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  1. Comment by Ms B posted on

    Awesome progress I'd say! The team has come a long way in just over one year. Persuading staff on the value of a particular team (and changing mindsets), in any organisation, is inevitably going to be a challenge. For DH the foundations are already laid - the Digital Health site is a vehicle for evangelising the DH Comms team and can help to answer many internal questions eg. who, what, where, when, how, why?

    My 2 cents worth 🙂

  2. Comment by What I’ve been reading | DavePress posted on

    [...] Mid year review: the state of DH digital – Great honest review of activity in digital at the Dept Health [...]

  3. Comment by Danegeld links 17-23 October: at Danegeld posted on

    [...] you publish when you should be communicating? The UK Department of Health is trying to shift the balance. Instead of (or maybe as well as) an online repository of stuff, designed to be consumed offline, [...]

  4. Comment by Geoffrey Rivett posted on

    When I joined the Department in 1972, my work for the first 3 years was the introduction of real-time commuting into the NHS. Forty years later some progress has been made, but it is hardly a success story. Even simple things go wrong, for example as a historian of the health service I would like my website to link to key documents from past years. However the web addresses change, documents are deleted, or a whole site is archived when a new administration is formed wrecking dozens of hyperlinks. Thought of the doi system? Quite apart from that is the difficulty in accessing older documents that cast a long shaddow, for example the Tomlinson report on London. I have had to scan paper copies myself to make them available.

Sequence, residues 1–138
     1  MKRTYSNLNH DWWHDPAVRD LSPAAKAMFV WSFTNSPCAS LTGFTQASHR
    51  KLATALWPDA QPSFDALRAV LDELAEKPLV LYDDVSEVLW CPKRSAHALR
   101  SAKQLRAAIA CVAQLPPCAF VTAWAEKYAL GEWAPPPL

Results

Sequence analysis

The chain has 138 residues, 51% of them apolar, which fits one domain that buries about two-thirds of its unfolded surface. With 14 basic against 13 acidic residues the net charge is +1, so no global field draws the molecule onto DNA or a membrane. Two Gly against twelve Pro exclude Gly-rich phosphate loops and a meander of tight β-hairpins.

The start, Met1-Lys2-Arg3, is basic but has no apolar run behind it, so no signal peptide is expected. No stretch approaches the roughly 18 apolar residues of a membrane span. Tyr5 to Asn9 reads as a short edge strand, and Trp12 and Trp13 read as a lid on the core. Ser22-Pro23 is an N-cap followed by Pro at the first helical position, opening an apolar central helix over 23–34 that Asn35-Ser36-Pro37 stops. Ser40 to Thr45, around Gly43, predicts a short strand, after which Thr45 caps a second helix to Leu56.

In rushing for the future, keep the past accessible - even the parts of the past the Departmental IT folks would like to forget.

    Geoffrey Rivett,

    • Replies to Geoffrey Rivett>

      Comment by Stephen Hale posted on

      Geoffrey - thanks for your comment. I've not been in the job that long, so I can only really comment on what we've done in the last year or so, but I'll pass your comment onto others here who might add something. Since I've been here, the National Archives have been responsible for maintaining a record of government websites. People trying to access content that has been moved or removed are now automatically redirected to copies of that content on the Web Archive. As a result we now how almost zero broken links to pages on You can find out more about the Government Web Archive here: And you can find copies the DH website going back to 2007 here:*/